Mesa Verde, southwest Colorado, was one of the settlements of the Anasazi
("Mesa verde" is "green table" in Spanish.)
The Anasazi first arrived in the sixth century A.D
The remains of their buildings can still be seen on and around the mesa.

The remains of a kiva, above, an Anasazi ceremonial chamber in southern Colorado

The ruins of an Anasazi home near the Chimney Rock Buttes in southern Colorado

Anasazi First Nation

Location: Chaco Canyon

History: The Anasazi were located in the Four Corners region ( Northern New Mexico west of the Pecos River, southwestern Colorado, most of southern Utah, and northern Arizona south to the Little Colorado River). The Anasazi existed around two thousand years ago and are thought to be the ancestors of modern Indian tribes like the Hopi, the Zuni and the Pueblo. The earliest Anasazi probably settled in the plateau area because water was more available. They settled into three distinct population centers which were Chaco Canyon, Mesa Verde, and Kayenta and eventually spread out across the entire plateau. The Anasazi tradition can be divided into two parts: the Basket Makers and the Pueblo.

Paleo-Indian and Archaic people hunted and foraged in the canyon. Semi-permanent hunter-gatherers began cultivating squash and corn in the first millennium. Finally in AD 490, the first permanent villages were established due to an increase in annual rainfall. Around AD 1050, the communities of Chaco Canyon were at the peak of their activity. During this time there was trade of foods and other goods. The Anasazi had a diet of garden corn, squash, beans, gathered foods and hunted game. Because so much time and effort was spent feeding themselves, they focused very little on permanent homemaking.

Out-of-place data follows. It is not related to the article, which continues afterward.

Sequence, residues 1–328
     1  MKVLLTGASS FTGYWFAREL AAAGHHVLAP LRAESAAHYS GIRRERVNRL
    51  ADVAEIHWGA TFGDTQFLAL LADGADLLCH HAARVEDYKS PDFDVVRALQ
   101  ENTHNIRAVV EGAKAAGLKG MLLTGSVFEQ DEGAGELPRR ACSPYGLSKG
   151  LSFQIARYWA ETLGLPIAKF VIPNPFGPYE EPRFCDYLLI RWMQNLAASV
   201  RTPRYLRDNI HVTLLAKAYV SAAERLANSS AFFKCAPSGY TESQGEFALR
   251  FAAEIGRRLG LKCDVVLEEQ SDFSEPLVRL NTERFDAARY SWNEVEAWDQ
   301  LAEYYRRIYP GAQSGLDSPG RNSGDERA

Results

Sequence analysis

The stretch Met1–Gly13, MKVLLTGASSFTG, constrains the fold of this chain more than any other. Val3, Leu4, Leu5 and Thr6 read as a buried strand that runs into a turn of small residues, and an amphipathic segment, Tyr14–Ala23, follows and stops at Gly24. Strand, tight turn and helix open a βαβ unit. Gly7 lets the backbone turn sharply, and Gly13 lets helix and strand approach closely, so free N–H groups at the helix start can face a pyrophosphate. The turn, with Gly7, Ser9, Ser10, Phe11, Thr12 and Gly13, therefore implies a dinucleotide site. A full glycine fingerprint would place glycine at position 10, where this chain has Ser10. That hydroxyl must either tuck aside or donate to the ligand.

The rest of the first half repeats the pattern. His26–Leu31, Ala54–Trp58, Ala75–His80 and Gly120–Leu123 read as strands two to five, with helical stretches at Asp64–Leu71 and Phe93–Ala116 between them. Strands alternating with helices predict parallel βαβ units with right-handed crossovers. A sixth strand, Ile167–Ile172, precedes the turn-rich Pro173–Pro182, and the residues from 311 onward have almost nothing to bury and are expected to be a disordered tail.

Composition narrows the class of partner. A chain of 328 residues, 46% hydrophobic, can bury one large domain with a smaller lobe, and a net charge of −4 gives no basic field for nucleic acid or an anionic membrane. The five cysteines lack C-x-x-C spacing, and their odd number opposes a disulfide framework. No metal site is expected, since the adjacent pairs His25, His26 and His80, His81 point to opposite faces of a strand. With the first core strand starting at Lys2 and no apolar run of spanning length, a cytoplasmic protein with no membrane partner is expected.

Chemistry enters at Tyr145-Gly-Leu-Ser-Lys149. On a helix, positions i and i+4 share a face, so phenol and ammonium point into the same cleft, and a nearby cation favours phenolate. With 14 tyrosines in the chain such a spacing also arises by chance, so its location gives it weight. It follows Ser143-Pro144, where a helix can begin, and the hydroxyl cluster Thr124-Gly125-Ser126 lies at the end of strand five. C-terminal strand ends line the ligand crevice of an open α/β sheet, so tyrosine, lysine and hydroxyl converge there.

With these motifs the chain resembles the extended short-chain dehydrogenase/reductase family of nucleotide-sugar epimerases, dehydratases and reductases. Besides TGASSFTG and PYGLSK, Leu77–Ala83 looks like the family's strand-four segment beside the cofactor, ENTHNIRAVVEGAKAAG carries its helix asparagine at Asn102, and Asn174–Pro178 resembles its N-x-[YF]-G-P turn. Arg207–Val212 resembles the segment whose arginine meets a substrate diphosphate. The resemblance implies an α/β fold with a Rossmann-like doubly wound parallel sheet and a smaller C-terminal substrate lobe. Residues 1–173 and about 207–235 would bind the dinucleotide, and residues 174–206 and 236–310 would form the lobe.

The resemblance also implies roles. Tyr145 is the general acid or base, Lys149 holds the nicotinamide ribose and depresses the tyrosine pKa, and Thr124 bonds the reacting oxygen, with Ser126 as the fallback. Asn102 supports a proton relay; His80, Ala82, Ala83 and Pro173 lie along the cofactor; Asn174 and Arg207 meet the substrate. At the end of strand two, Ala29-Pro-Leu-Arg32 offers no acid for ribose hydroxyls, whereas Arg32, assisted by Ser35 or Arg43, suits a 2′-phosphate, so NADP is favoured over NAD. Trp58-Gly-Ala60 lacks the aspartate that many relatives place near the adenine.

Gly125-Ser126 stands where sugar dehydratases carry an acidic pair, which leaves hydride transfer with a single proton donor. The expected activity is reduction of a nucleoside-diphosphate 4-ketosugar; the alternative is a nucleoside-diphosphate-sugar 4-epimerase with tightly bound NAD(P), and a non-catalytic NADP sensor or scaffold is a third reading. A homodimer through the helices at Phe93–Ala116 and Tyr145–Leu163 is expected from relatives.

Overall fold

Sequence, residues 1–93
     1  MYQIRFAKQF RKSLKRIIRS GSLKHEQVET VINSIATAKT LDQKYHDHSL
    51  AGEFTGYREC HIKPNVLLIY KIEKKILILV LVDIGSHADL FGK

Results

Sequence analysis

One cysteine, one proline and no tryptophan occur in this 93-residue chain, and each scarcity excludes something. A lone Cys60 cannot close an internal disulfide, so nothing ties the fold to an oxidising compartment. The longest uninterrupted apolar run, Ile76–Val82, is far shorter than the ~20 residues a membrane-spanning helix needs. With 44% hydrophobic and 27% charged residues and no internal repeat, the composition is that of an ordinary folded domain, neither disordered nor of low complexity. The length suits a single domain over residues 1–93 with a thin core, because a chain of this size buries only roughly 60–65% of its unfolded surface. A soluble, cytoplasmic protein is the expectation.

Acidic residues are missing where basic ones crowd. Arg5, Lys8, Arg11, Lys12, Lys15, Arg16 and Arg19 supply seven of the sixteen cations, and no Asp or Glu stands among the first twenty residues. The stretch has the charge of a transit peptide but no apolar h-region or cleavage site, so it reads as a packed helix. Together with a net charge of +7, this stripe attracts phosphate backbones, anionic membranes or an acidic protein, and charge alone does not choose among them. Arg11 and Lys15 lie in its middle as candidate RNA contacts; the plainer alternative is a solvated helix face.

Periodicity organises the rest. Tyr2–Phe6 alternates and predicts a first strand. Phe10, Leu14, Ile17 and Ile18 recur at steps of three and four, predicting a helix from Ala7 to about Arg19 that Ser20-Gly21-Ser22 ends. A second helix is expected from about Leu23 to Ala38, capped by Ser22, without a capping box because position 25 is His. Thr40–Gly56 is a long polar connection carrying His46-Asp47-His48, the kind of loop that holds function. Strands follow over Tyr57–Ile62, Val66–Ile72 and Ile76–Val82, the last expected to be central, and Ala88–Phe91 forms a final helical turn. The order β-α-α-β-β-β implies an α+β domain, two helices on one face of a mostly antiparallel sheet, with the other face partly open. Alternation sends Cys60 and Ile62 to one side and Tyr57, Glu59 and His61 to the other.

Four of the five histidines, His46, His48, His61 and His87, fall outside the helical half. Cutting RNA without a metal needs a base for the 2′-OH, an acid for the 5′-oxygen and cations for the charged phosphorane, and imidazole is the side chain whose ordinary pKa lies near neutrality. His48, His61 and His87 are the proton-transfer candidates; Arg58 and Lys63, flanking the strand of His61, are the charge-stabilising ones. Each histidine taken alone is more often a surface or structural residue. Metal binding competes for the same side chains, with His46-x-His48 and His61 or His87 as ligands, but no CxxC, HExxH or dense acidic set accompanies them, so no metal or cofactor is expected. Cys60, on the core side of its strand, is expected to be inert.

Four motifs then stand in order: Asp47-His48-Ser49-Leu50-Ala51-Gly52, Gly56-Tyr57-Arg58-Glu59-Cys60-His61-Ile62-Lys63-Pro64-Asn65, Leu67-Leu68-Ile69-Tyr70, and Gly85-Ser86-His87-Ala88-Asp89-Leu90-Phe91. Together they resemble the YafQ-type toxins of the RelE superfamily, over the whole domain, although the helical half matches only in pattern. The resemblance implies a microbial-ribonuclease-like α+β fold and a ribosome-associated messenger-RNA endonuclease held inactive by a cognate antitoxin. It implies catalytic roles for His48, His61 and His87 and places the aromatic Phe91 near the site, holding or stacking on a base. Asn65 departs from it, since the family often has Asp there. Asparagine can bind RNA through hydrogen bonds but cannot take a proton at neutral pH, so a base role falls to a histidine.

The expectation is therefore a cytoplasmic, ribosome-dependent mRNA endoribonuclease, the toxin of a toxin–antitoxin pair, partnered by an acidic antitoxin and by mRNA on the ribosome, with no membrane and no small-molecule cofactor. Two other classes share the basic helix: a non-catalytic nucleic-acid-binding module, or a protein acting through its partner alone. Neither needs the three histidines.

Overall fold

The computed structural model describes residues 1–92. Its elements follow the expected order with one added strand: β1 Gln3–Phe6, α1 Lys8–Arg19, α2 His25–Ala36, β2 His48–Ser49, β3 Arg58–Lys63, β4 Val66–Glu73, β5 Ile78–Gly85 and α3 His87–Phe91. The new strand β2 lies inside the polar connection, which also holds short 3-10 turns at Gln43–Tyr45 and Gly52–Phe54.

They originally opted to spend only the coldest months under shelter. As time progressed, however, more and more houses were built. What they assembled for living quarters was a circular frame from ten to twenty-five feet in diameter. Surface sand was scooped away in a bowl-like structure with a place for a fire in the middle. The walls were logs stacked on each other and the entire structure narrowed at the top. Instead of a complete roof, they left a hole at the top to let out the smoke which would rise from the fire. The walls were then covered with mud to seal up the cracks. These structures are known as kivas. The Anasazi also used caves. Occasionally these caves would be used for living space, but their main purpose was for the storage of dried food.

Around 700 A.D., the Anasazi began a period of transition and advancement that changed them from the Basket Maker Anasazi to the Pueblo Anasazi. Pueblo was the name of the new building technique they were using. Around 1000 AD, masonry houses were being built with stones stacked on top of each other and mud being used for mortar. They began to build impressive dwellings, becoming expert stone masons. They increased the frequency and design of pottery making and discovered the use of the bow and arrow. By 1200 AD, village locations were being picked in spots that were safer and harder to attack indicating that war and violence were increasing. After that, for reasons largely unexplained, the Anasazi began leaving their homes and by 1300A.D, the Anasazi had disappeared.